The IRS just issued its second set of guidance on the ACA’s “Cadillac Tax,” and it’s sure to get mixed reviews from employers offering decent health benefits.
As you know, the ACA’s so-called “Cadillac Tax” will impose a 40% non-deductible excise tax on the value of health insurance plans exceeding $10,200 for individuals and $27,500 for family coverage.
The IRS’ latest guidance — Notice 2015-52 — is a follow-up to guidance it issued this past winter addressing future rules governing the calculation and payment of the excise tax.
Both sets of guidance is meant to give plan sponsors and insurers an idea of how the “Cadillac Tax” is to be enforced and administered — but they don’t set forth any concrete rules that must be followed. That comes later via the proposed/final rulemaking process.
For now, the IRS is simply asking employers to review and comment on this guidance to help it shape the final rules.
Who pays the tax?
For the most part, there’s nothing earth-shaking in the latest set of guidance, except the IRS’ answer to one question:
Who will be paying the excise tax?
That is, who’ll actually be writing the check to the IRS?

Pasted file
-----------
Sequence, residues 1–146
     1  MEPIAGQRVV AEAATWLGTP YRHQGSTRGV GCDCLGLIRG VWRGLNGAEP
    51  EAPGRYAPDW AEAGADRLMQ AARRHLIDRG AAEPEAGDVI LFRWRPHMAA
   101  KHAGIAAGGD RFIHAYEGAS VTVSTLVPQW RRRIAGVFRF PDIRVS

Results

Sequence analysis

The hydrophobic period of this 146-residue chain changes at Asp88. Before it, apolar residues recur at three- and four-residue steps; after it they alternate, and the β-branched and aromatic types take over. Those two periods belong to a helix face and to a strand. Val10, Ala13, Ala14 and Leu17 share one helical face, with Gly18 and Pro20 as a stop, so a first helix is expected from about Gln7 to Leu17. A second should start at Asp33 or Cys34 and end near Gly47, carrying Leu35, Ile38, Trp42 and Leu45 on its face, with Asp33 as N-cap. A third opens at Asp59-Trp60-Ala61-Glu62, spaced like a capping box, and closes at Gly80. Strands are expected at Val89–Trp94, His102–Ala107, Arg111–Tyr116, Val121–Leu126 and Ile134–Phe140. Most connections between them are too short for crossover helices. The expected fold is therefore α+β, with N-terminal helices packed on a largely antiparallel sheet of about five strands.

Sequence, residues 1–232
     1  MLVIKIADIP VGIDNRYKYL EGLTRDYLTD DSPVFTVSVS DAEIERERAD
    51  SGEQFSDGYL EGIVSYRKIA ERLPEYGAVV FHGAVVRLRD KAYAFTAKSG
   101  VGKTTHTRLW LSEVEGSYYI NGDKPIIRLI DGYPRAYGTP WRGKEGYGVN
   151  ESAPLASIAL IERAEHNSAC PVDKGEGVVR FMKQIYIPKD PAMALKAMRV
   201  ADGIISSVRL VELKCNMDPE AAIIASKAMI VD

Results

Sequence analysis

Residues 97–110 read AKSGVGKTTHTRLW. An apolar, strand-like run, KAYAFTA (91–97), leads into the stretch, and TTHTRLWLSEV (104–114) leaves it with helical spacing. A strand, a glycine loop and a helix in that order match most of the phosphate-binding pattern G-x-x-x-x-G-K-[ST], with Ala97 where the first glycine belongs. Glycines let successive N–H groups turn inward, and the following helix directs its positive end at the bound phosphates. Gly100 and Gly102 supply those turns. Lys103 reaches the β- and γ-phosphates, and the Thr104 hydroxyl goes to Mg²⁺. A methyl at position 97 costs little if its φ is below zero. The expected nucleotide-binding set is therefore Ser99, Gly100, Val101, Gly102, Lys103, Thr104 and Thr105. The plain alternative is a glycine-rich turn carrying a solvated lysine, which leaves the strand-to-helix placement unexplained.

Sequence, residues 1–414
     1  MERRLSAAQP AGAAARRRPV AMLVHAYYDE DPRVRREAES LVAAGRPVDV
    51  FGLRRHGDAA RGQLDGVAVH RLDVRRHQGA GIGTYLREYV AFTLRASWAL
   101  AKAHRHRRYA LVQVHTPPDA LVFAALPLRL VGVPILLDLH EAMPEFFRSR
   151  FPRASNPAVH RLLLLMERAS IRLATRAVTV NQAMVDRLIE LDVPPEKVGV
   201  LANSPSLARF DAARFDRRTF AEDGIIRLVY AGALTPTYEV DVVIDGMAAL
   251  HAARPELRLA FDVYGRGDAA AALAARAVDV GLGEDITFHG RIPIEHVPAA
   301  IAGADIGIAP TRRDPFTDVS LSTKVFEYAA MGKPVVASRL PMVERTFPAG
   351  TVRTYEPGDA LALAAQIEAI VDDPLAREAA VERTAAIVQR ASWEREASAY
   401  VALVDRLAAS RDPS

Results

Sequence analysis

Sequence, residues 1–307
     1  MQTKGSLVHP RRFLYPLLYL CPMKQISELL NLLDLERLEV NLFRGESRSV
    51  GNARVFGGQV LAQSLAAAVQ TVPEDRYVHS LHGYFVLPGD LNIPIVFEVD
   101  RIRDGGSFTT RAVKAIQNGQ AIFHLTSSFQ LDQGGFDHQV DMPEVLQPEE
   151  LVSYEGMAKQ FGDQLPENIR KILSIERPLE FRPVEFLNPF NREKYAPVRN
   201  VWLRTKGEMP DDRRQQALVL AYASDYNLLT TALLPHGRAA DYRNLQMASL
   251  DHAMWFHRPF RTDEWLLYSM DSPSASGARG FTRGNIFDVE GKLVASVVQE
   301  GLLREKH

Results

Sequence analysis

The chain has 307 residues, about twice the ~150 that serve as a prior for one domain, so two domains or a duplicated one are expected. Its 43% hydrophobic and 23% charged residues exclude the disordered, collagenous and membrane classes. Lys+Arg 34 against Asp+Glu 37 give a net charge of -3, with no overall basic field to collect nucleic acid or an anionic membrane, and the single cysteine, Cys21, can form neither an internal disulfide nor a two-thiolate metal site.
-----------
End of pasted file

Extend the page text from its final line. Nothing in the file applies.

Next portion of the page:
The IRS said the obligation to pay the tax will fall on the “coverage provider.”
Under an insured group health plan, this will be the health insurer. But it can also be an employer that provides coverage under an HSA or Archer medical savings account — or the “person that administers the plan benefits.”
That means, in many cases the responsibility to cut the tax check will fall on an insurance company or a TPA.
Where expenses, complications get magnified
That, in and of itself, probably won’t alarm you. But here’s where it can get more expensive for plan sponsors:
Naturally, the insurance company or TPA will come back to the plan sponsor seeking reimbursement for this tax payment. But, the IRS is saying that reimbursement will add to the taxable income of the insurer or TPA receiving the reimbursement.
As a result, the IRS is saying those who pay the tax may want “tax gross-ups” to cover the income tax they’d have to pay on the reimbursement.
Bottom line: For many plan sponsors, it now appears the tax will become 40% of the coverage value over $10,200/$27,500 threshold, plus the amount of the tax your insurer or TPA will have to pay on the reimbursement you send to them for paying the tax.
The IRS admits this will be tricky to calculate, because even the gross-ups would be subject to income tax. As a result, the IRS provided a formula in the guidance for calculating the total reimbursement (with gross-ups) plan sponsors may end up shelling out to their insurers or TPAs.
The formula’s located at the bottom of Page 8 of the guidance.